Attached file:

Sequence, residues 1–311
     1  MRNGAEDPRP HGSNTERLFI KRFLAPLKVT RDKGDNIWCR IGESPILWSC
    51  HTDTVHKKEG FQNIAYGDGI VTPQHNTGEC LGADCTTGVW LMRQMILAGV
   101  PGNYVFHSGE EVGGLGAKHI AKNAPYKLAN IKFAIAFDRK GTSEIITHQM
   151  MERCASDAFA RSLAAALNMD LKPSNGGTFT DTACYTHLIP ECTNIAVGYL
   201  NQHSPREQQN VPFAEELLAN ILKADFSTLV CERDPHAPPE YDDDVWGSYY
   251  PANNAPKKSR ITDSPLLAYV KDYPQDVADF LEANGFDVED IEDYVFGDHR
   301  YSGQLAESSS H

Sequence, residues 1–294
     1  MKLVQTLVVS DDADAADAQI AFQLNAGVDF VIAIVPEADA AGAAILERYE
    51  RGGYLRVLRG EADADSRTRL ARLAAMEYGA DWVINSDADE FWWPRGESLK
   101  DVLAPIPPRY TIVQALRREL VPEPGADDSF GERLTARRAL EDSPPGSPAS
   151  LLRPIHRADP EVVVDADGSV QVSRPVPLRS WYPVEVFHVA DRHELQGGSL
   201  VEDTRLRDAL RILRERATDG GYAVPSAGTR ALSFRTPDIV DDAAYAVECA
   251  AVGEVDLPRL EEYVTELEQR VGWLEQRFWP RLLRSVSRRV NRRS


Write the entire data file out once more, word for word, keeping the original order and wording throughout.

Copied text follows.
Sequence, residues 1–311
     1  MRNGAEDPRP HGSNTERLFI KRFLAPLKVT RDKGDNIWCR IGESPILWSC
    51  HTDTVHKKEG FQNIAYGDGI VTPQHNTGEC LGADCTTGVW LMRQMILAGV
   101  PGNYVFHSGE EVGGLGAKHI AKNAPYKLAN IKFAIAFDRK GTSEIITHQM
   151  MERCASDAFA RSLAAALNMD LKPSNGGTFT DTACYTHLIP ECTNIAVGYL
   201  NQHSPREQQN VPFAEELLAN ILKADFSTLV CERDPHAPPE YDDDVWGSYY
   251  PANNAPKKSR ITDSPLLAYV KDYPQDVADF LEANGFDVED IEDYVFGDHR
   301  YSGQLAESSS H

Sequence, residues 1–294
     1  MKLVQTLVVS DDADAADAQI AFQLNAGVDF VIAIVPEADA AGAAILERYE
    51  RGGYLRVLRG EADADSRTRL ARLAAMEYGA DWVINSDADE FWWPRGESLK
   101  DVLAPIPPRY TIVQALRREL VPEPGADDSF GERLTARRAL EDSPPGSPAS
   151  LLRPIHRADP EVVVDADGSV QVSRPVPLRS WYPVEVFHVA DRHELQGGSL
   201  VEDTRLRDAL RILRERATDG GYAVPSAGTR ALSFRTPDIV DDAAYAVECA
   251  AVGEVDLPRL EEYVTELEQR VGWLEQRFWP RLLRSVSRRV NRRS